Mel Brooks

Mel Brooks' humor springs from Jews' outsider status and history of persecution.

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Comic riffs about always being afraid, feeling pursued, defend­ing yourself through humor, connecting suffering with comedy, and sensing personal difference characterize almost all of Brooks's interviews and movies.

Flash forward to the April 1991 American Comedy Awards, a show honoring Carl Reiner with its Lifetime Achievement Award. Steve Martin introduces Brooks as Reiner's "illegitimate son" and asks for a few words about his longtime friend and collaborator. Addressing the star-studded audience as "Ladies and Jews," Brooks's voice grows steadily more strident as he indignantly castigates Reiner first for not being funny and sec­ond for forcing him to assume a false identity: For 25 years he pretended that he was a Jew when he was really a gentile from Waco, Texas. (The real Waco Kid?) Finally, Brooks rips off his "false" nose, begins yelling in a Texas drawl, and vows never to utter "any more of that Jew talk."

A few moments later, a convulsed Reiner thanks Brooks for channeling into humor his deep-seated anger over having to pay homage to someone less talented. Brooks builds all his films on his indignation, attacking serious topics such as bigotry, intolerance, and greed through comedy

The Filmmaker as Peasant

For Brooks, the very fact of being Jewish provides a framework, a cultural context, for viewing the world, a perspective he never totally casts aside. Take, for example, his seemingly offhand re­sponse to Lisa Mitchell about the current (1978) trend toward sex­ual permissiveness and nudity in films: "Sex--like eating Jewish foods such as chopped liver and gefilte fish--should always be a totally private matter." Not only does his remark make the obvious equation between sex and food, but it also relates to both from a particularly Jewish point of view.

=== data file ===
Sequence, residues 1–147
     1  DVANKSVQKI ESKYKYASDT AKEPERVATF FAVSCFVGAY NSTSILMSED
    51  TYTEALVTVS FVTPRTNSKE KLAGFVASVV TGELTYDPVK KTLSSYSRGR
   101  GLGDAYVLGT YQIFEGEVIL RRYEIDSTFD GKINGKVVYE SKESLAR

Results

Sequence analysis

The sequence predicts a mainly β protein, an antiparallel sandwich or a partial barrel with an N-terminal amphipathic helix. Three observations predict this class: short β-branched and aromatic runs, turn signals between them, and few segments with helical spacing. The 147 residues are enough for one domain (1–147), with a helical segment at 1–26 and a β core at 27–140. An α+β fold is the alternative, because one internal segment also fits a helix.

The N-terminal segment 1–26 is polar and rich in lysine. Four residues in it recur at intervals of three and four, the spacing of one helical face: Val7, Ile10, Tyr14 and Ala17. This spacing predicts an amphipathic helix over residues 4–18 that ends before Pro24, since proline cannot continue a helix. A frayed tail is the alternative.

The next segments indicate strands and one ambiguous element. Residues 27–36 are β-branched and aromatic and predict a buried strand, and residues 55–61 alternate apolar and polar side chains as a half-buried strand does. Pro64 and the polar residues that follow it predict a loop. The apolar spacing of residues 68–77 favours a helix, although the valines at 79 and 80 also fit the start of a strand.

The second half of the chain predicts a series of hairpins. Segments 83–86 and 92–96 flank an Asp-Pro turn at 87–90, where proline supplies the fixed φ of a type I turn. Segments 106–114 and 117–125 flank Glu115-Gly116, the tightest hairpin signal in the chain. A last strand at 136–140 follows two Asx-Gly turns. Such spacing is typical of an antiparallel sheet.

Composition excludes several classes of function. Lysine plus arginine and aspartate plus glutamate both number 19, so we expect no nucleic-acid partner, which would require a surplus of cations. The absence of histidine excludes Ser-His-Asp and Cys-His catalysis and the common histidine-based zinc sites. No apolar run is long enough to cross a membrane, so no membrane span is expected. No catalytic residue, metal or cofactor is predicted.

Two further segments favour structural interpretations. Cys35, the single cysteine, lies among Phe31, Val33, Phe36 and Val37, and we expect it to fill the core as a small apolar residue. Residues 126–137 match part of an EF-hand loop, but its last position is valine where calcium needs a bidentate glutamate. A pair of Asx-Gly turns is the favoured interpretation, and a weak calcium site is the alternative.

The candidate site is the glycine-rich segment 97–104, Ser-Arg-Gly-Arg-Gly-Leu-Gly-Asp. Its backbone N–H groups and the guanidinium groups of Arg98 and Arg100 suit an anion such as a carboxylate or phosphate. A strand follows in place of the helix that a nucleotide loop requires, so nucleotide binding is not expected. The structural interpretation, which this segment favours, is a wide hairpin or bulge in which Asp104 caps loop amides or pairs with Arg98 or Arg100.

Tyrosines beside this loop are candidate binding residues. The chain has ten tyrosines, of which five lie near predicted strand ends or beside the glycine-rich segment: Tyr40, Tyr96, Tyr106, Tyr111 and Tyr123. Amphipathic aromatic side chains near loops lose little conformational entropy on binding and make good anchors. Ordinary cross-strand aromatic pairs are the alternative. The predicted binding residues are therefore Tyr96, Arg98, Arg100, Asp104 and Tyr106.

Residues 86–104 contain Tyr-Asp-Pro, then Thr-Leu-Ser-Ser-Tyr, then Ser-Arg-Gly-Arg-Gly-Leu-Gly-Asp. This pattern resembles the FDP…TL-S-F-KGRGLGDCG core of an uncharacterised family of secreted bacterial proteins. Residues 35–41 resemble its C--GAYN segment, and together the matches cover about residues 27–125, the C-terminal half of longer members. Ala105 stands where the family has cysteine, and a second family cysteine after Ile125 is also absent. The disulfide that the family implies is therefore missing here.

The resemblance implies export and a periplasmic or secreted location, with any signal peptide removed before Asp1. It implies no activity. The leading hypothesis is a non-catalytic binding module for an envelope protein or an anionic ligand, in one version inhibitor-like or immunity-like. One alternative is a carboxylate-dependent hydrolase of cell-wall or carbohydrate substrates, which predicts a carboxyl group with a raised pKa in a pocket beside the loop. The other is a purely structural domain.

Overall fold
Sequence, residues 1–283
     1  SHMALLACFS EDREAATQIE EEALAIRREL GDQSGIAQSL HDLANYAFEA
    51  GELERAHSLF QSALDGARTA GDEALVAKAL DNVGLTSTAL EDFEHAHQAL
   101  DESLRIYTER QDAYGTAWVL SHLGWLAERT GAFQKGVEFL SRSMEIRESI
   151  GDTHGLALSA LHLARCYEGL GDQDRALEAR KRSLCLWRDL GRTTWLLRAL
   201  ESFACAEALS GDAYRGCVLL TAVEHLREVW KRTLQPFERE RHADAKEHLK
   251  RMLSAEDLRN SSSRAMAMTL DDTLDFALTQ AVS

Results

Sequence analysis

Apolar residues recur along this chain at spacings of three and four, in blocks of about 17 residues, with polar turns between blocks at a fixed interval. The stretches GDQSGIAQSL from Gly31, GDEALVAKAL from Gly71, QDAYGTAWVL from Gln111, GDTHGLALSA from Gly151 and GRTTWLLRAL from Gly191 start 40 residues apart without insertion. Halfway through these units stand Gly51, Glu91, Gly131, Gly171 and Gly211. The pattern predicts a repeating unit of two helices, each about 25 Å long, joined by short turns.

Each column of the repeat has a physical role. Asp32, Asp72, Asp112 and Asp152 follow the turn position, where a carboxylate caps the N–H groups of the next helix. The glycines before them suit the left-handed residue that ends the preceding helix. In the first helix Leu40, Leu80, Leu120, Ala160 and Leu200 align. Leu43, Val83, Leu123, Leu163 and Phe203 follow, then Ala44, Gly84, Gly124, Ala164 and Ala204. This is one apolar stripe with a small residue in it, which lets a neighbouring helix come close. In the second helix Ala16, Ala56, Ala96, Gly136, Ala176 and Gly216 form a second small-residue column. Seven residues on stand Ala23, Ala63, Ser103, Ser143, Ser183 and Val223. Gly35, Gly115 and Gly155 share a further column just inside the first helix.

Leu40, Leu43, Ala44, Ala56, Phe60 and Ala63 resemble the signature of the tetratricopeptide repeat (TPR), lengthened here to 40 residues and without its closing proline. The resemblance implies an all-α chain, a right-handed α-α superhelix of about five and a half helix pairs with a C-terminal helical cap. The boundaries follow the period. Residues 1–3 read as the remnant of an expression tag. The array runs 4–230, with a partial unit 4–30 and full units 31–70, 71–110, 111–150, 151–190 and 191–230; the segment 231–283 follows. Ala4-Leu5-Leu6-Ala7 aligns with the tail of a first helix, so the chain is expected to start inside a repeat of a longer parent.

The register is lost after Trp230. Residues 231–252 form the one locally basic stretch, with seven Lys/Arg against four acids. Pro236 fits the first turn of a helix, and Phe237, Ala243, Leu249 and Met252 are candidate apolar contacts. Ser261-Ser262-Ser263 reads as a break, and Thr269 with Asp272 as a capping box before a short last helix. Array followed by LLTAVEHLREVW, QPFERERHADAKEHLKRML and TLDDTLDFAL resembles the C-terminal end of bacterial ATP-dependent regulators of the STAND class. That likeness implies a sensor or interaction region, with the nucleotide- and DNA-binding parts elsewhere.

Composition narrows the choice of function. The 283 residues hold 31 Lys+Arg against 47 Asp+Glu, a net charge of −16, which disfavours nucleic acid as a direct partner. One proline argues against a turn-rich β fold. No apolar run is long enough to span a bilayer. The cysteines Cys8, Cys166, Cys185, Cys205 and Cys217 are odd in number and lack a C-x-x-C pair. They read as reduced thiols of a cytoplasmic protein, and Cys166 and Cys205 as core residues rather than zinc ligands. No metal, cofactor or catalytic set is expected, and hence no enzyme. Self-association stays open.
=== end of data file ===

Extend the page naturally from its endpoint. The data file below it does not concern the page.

Even a gentle foray into the world of speculative thinking brings Brooks back to the past rather than forward into the future, like when he told Omni's Jeff Rovin that he could be persuaded to go to Mars if "I could get a light-as-a-feather matzah ball. You haven't been able to get one on Earth anymore, since the old Jews from Odessa and Kiev (his mother's birthplace) started to die."

In a more serious moment in 1982, Brooks related his difficulty finding funds for Frances (a Brooksfilms Production) in terms of his cultural his­tory: "You hold your hat in your hand, and you plead and cajole and beg to get a few rubles--like a peasant, a muzhik [a member of the Russian agrarian class]. It's like the way goyim relate to Jews anyway. They don't think we're serious because they don't give us land. If they thought we were serious, they'd give us land. That's the one thing they don't give us, so they think we're just transient and funny."

The comment clearly betrays Brooks's frustrations with a system that deals with him on predominately one level; it also displays his anger with the anti-Semitism faced by his forebears. Most impor­tant, however, the analogy Brooks draws--between himself as the modern moviemaker scouring Lotus Land for money and not be­ing taken seriously, and his peasant ancestors denied the right to own land and thus being marginalized--explicitly connects him to this tradition of bigotry, exclusion, and hatred.

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David Desser is the director of cinema studies at the University of Illinois at Urbana-Champaign and former editor of Cinema Journal.